406 research outputs found

    Are Higher Education Institutions Addressing the Employment Needs of Clinical Laboratories in Rural Areas?

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    Clinical laboratories across the nation are faced with a shortage of qualified Medical Laboratory Technicians (MLTs) and Medical Laboratory Scientists (MLSs). As the clinical laboratory workforce continues to shrink, it is essential that higher education institutions acknowledge the employment needs of rural laboratories to ensure quality health care in underserved areas. An aging workforce, program closures, and a general increase in demand for laboratory testing have compounded the workforce shortage for rural clinical laboratories, which often face unique challenges. The purpose of this research study was to examine the perceptions of rural clinical laboratory managers toward higher education’s response to the shortage of MLTs and MLSs, and to determine the extent to which MLT and MLS programs are meeting the staffing and professional development needs of rural clinical laboratories. This descriptive mixedmethod study was conducted utilizing a survey of 429 MLT and MLS program directors, in addition to interviews with 10 clinical laboratory managers in rural West Virginia. The results of this study revealed higher education institutions are not adequately meeting the employment needs of rural clinical laboratories, with notable key areas for improvement, including communication, partnership, and promotion of the profession. Interviews with laboratory managers indicated a moderate to severe rural workforce shortage, with a glaring deficiency of MLS candidates. Research findings demonstrated community and technical colleges, specifically MLT programs, were more likely than universities and four-year colleges to establish formal relationships with rural laboratories and served as a primary source of job candidates for rural laboratories. The findings further suggested rural clinical rotations, targeted recruitment efforts, and the creation of online and hybrid programs, would aid rural laboratories in securing a qualified workforce, while the delivery of online continuing education modules would benefit incumbent workers. This research adds to the limited literature in the clinical laboratory science field by addressing workforce issues specific to rural laboratories. The study also provides useful information to higher education institutions by identifying problems with recruitment of students, as well as concerns for the future of rural clinical laboratories that may influence MLT and MLS program creation and sustainability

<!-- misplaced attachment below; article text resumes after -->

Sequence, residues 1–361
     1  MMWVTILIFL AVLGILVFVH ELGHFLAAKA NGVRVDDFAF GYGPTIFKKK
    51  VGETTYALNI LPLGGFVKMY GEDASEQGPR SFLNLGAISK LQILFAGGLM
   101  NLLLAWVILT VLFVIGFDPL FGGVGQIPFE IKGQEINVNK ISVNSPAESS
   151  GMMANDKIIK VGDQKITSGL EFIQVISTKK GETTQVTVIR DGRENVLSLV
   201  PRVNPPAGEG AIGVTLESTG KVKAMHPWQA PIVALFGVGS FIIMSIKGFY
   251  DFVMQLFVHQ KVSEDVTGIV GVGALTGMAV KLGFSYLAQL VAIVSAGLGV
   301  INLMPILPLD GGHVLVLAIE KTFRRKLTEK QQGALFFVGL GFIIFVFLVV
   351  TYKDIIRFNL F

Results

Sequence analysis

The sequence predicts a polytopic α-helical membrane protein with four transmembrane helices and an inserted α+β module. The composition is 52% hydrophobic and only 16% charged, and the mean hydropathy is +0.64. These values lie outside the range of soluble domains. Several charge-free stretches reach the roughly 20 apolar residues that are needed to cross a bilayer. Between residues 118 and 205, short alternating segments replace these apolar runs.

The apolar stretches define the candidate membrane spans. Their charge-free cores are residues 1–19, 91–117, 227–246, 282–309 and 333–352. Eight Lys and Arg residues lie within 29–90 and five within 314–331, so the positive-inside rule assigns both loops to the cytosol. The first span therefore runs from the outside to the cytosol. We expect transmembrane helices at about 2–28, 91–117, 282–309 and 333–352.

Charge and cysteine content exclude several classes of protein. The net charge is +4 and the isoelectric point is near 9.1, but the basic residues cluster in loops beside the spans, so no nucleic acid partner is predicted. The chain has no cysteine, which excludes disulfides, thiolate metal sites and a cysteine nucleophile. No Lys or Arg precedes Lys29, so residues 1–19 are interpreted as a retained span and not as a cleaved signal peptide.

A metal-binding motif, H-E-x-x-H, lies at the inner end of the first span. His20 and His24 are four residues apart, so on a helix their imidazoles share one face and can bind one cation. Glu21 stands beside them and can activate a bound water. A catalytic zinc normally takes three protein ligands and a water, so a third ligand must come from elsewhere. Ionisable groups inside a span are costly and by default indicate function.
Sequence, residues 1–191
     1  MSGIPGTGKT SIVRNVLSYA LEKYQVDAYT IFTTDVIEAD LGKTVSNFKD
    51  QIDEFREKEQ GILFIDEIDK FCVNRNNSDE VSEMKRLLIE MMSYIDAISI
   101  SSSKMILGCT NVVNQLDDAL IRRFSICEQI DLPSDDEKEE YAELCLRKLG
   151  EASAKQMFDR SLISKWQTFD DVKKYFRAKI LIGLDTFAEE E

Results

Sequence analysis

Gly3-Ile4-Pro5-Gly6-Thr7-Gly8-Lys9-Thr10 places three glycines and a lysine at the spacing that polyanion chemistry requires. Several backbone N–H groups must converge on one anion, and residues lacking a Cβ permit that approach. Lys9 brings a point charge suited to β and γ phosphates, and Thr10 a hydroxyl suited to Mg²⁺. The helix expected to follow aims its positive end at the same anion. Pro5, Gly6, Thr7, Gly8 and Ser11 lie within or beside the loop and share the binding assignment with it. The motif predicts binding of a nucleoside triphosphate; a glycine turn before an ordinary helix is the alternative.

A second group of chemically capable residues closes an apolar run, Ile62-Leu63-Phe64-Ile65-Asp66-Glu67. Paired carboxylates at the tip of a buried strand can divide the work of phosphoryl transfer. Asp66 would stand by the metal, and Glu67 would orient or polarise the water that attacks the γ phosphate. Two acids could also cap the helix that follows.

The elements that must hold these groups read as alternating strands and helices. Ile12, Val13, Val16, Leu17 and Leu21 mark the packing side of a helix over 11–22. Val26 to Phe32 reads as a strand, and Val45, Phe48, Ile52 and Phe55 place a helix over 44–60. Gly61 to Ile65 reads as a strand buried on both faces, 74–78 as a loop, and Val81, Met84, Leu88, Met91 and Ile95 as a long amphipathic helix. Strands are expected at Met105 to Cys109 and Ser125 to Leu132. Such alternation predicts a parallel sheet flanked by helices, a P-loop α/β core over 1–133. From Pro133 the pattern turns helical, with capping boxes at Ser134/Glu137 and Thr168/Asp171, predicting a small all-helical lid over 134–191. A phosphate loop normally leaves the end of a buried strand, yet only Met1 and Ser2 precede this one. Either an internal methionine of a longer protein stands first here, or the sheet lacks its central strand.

Issues emerging from the first 10 pilot sites implementing the Nurse-Family Partnership home-visiting programme in England

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    "Issues emerging from the first 10 pilot sites implementing the FNP home-visiting programme in England" builds on those previously published, and identifies national and local system contributions to effective delivery of FNP, the emerging expertise of FNP practitioners and the influence of FNP practice on universal service provision

    The Mechanical Unfolding of Fibronectin Using Atomic Force Microscopy and Its Relevance to Biocompatibility Studies